IBM Dances with Fortinet—Maybe…

Ah, the investment bankers are circling again. Late Friday rumors started circulating about IBM discussions of acquiring Fortinet. With a weekend to stew and the gap open for Fortinet stock, it makes sense to think about what a potential deal means, right? Wrong. I’m pretty sure you have a lot to do. I’m also pretty sure that whether IBM buys Fortinet or not, you’ll still have a lot to do. If you are a Fortinet customer, you may have some impact. If you are an IBM customer or are still running ISS gear, you may have some new options. But ultimately until a deal is announced, spending even one single brain cycle on it is a waste of time. So go back to your To-Do list. And if/when a deal is announced, we’ll be there to tell you what to worry about and why. But until then, get back to work. Share:

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SQL Azure and 3 Pieces of Flair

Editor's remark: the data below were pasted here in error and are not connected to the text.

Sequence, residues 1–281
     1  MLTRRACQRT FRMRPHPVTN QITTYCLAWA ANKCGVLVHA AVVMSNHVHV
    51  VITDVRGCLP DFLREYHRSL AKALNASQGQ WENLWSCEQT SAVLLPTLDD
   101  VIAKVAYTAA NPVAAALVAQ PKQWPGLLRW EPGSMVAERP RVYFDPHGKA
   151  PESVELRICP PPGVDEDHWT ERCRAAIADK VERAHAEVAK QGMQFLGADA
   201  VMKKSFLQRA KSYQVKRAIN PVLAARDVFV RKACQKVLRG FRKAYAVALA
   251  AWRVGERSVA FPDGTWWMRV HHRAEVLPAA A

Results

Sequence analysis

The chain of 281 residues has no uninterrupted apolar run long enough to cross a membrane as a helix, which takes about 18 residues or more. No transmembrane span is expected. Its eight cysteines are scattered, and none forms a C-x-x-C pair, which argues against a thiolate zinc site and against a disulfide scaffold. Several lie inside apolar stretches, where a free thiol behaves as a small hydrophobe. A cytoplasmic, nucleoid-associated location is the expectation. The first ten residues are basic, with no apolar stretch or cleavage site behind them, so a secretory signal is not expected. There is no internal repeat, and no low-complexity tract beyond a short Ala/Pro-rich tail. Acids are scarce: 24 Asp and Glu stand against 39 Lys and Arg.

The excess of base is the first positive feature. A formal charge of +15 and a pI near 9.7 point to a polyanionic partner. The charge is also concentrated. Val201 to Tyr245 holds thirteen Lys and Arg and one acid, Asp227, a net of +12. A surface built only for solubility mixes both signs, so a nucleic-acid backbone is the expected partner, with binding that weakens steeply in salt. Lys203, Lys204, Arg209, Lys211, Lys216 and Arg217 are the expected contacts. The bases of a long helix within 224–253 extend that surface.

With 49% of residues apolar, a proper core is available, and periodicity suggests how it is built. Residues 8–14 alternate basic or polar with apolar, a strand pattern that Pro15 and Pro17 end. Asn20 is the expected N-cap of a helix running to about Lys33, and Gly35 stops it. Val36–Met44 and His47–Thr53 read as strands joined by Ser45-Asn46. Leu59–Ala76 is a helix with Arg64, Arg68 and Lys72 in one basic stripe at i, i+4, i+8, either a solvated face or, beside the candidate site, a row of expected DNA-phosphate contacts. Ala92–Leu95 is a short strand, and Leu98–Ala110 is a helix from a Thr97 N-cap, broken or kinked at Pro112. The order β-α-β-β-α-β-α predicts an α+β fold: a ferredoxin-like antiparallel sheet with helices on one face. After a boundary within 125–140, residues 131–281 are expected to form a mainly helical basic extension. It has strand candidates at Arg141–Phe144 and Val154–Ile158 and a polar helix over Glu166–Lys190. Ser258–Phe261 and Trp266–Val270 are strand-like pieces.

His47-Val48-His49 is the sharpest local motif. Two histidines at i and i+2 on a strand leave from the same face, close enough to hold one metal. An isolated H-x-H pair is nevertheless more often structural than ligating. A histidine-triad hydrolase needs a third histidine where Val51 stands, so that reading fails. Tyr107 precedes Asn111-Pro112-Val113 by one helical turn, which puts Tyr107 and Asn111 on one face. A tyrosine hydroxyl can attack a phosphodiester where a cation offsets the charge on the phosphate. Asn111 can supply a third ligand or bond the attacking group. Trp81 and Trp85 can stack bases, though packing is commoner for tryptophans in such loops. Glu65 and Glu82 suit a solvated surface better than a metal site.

I have very little social life, so I spent my weekend researching trends in database security. Part of my Saturday was spent looking at Microsoft’s security model for the Azure SQL database platform. Specifically I wanted to know how they plan to address database and content security issues with their cloud-based offering. I certainly don’t follow all things cloud to the degree our friend Chris Hoff over at RationalSurvivability does, but I do attempt to stay current on database security trends as they pertain to cloud and virtual environments. Rummaging around MSDN, looking for anything new on SQL Azure database security, I found Microsoft’s Security Guidelines and Limitations for SQL Azure Database. And I downloaded their Security Guidlines for SQL Azure (docx). All 5 riveting pages of it. I have also been closely following the Oakleaf Systems blog, where I have seen many posts on secure session management and certificate issuance. In fact Adam Langley had an excellent post on the computational costs of SSL/TLS this Saturday. All in all they paint a very consistent picture, but I am quite disappointed in what I see. Most of the technical implementations I have looked at appear sound, but if the public documentation is an accurate indication of the overall strategy, I am speechless. Why, you ask? Firewall, SSL, and user authentication are the totality of the technologies prescribed. Does that remind you of something? This, perhaps?   With thanks to Gunnar Peterson, who many years ago captured the essence of most web application security strategies within a singe picture. Security minimalism. And if they only want to do the minimum, that’s okay, I guess. But I was hoping for a little content security. Or input validation tools. Or logging. I’m not saying they need to go wild with features, but at this point the burden’s on the application developer to roll their own security. Share:

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